Her miserable home-life destroyed Anita. She was expelled from school and had difficulty concentrating. She doesn’t remember if she managed to pass any exams. Her marks would have been terrible if she did. When Anita was 14, a neighbour noticed what was happening to Anita, and this led to her stepfather being convicted.
Anita ended up in an children’s home, which she did not like. The years that followed were filled with escapes and petty theft. She and some friends stole a car and went to Stockholm, burgled summer homes and burned furniture to keep warm. They siphoned petrol from cars. Begged. But they were known to the authorities, and so it did not take long before they were found.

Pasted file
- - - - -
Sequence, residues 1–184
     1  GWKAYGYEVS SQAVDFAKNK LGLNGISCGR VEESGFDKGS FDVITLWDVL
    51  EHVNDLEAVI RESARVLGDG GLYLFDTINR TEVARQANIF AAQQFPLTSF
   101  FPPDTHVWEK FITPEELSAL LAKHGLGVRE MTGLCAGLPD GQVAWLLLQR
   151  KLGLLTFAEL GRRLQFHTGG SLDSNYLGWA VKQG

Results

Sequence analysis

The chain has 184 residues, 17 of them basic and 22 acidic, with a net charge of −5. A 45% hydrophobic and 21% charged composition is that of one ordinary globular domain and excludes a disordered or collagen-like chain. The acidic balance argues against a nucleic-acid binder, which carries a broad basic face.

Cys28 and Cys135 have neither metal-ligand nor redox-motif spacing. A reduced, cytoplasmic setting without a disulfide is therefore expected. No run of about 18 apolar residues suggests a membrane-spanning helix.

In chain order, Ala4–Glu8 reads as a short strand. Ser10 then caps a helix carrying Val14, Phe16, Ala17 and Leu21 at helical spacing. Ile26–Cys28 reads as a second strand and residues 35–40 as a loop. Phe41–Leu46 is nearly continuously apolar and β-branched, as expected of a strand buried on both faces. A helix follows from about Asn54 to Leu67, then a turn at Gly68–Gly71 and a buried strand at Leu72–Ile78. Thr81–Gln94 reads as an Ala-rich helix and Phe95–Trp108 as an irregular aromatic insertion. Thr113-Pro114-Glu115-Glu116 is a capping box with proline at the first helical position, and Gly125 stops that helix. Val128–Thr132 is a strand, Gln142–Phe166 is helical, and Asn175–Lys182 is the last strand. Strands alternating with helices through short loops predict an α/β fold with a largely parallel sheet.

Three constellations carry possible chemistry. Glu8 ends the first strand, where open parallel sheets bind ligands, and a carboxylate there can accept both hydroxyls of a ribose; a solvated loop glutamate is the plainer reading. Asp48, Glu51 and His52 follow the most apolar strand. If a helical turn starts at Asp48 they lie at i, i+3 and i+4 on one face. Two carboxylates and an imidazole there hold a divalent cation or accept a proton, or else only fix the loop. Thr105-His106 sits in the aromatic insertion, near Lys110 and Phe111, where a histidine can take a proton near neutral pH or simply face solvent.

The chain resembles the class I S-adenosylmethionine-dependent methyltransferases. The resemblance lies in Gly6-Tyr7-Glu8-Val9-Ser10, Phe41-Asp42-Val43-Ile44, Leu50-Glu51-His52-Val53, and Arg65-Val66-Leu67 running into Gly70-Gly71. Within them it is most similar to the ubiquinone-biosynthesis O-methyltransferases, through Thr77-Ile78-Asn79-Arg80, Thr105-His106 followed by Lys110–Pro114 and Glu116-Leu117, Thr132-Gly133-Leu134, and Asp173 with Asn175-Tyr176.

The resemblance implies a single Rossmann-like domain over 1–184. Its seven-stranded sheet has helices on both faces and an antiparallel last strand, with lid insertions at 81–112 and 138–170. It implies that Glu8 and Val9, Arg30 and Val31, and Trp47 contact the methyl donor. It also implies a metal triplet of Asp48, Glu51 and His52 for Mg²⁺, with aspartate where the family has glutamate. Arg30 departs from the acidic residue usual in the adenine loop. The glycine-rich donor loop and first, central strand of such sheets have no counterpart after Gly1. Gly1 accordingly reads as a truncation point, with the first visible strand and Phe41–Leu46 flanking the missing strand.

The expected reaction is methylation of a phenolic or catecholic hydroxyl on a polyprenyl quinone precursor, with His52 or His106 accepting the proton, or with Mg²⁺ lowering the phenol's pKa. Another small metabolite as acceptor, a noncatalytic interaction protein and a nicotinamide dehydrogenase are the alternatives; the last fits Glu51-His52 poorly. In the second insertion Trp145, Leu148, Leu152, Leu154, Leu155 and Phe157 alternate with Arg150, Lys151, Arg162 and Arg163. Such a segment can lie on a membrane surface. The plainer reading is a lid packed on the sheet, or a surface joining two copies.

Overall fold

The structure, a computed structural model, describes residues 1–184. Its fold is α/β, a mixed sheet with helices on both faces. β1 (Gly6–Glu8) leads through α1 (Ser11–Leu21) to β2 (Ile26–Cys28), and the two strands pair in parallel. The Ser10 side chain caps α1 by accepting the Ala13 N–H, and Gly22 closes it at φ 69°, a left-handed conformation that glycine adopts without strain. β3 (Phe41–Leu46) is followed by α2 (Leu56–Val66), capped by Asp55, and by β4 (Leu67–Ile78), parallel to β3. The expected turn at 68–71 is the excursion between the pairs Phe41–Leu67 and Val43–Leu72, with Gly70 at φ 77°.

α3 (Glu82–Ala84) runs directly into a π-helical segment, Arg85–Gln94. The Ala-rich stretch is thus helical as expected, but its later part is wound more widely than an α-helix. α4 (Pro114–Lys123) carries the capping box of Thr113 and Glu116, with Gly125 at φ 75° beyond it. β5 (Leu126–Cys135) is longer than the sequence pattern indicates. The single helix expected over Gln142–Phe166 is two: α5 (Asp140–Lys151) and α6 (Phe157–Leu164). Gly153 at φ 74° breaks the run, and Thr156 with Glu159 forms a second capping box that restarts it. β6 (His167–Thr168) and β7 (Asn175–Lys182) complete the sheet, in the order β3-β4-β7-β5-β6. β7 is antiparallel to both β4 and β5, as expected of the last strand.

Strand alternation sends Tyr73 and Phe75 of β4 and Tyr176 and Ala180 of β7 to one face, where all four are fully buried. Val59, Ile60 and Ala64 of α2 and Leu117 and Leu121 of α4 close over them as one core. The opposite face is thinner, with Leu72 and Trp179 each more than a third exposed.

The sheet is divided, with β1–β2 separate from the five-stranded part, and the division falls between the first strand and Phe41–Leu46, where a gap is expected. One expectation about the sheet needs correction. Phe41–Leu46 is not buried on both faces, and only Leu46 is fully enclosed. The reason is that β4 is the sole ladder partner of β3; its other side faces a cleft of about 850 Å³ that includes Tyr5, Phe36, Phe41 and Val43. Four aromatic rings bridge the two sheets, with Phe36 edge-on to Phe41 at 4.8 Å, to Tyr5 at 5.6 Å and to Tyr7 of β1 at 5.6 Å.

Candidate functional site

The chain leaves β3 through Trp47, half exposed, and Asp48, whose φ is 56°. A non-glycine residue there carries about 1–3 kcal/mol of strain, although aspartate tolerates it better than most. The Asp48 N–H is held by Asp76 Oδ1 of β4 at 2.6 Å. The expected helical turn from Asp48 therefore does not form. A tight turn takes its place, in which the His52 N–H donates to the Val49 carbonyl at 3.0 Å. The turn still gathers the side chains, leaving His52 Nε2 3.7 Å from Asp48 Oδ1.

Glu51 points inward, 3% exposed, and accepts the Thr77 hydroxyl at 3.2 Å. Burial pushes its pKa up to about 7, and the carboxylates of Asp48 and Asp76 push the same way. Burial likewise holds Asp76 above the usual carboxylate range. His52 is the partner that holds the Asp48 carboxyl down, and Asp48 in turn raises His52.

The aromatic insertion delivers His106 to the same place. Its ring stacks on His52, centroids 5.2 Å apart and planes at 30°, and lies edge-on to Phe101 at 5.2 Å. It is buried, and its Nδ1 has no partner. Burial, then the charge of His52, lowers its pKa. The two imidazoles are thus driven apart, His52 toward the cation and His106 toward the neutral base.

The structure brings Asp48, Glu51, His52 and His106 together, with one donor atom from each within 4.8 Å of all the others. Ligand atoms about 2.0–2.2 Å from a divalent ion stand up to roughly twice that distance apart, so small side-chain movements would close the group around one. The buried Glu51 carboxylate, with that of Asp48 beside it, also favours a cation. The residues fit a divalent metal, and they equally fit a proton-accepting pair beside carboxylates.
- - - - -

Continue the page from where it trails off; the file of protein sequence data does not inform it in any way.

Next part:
Anita tells me that she was then placed in a foster home, with ‘a kind woman’. Despite this, Anita found herself acting out. “I didn’t want her to get money for having me, so I gave her a hell of a time.”
Fruit and sweets are dotted around Anita’s apartment. There are apples and clementines, large Plopp chocolate bars and a bowl filled with caramels and chocolate hearts. Anita doesn’t eat them, though. “I buy them to put out for visitors because I want to be like everyone else,” she says. “Sometimes I’ll pinch a caramel, but I throw most of them away when they go stale.”